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comment by coffeesp00ns

As always, it depends where you are. In Canada, it depends on how far away you are from a major centre. If you're near Toronto, Montreal, Ottawa, Vancouver, it's gonna be pretty easy. Even places like Winnipeg are okay. However getting into places like northern Ontario even (not even 4 hours away from Toronto) there can be serious problems with access.

The biggest problem is starting trans healthcare. Most doctors don't have a problem continuing your care if you're already on hormones, and will help fill out paperwork for CAMH for surgery stuff if that's the route you want to go, but are sketchy about changing meds and don't want to start new people on meds because they don't have any experience.

Of course, how does one gain experience, right?

The other problem in Canada in particular is that (if you decide to do it), the wait list for surgery is around 2+ years as of last month. so that's... a pain.

someguyfromcanada  ·  808 days ago  ·  link  ·  

How about in your experience? You tell your doctor you are trans, they understand they have no idea what they are doing.... then easily refer you to a trans specific doctor that is available in a reasonable amount of time?

On a Frivolous Friday note: what do you think about Caitlyn Jenner? On one hand, she is a very high-visibility person who has been widely respected for decades as a world class athlete. On the other, after their association with the Kardashian attention whores I can not shake the suspicion that it is all just a publicity stunt.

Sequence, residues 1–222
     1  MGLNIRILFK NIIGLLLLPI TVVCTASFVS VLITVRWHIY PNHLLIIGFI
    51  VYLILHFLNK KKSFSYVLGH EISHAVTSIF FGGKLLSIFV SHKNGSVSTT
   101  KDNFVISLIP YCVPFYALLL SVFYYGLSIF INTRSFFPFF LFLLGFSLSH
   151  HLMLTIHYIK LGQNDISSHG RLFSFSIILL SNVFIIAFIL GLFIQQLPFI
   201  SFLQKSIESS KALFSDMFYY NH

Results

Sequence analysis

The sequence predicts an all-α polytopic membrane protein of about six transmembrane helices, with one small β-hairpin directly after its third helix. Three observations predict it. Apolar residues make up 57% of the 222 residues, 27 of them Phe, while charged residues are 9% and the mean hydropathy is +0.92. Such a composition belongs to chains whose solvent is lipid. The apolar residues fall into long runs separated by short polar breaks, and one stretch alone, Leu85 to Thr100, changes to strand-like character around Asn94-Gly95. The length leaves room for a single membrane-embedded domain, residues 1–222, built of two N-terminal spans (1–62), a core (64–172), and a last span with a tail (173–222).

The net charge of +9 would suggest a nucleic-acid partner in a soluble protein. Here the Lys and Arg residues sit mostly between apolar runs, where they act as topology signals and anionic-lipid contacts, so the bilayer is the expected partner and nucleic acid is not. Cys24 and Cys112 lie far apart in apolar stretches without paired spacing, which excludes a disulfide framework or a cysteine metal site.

coffeesp00ns  ·  808 days ago  ·  link  ·  

nah, Jenner's had way too much work done for just a publicity stunt. Plus, at the end of the day all you can do is believe someone. HOWEVER she's a really bad example of what being a trans person is like. Most trans people can't just take a year and just have all your surgeries, hair removal, etc done and taken care of. Jenner is rich,and she is an example of what a rich trans woman has access to. Most trans women aren't rich - I'm still working on affording some more laser hair removal, and it'll be years before i can get surgery through government access.

In answer to your first question, it again depends. In my personal experience, when I was investigating getting treatment in Northern Ontario, it was looking like I would have had to get an appointment in Toronto at CAMH to get started on Hormone Replacement Therapy, or HRT. This would have taken 6 months or so from my initial request. Instead, I looked into Ottawa, where i also had a place to live, and getting access to care was as easy as getting a referral to a local free health care clinic. I then had to go through a few months of counselling appointments, but that would have happened at CAMH too, so I ended up about 6 months ahead. If you live in Nunavut, say, you ALSO have to go to CAMH because there are no services there.

Basically, trans health care access is spotty and all over the place, and you need to know how to navigate the system.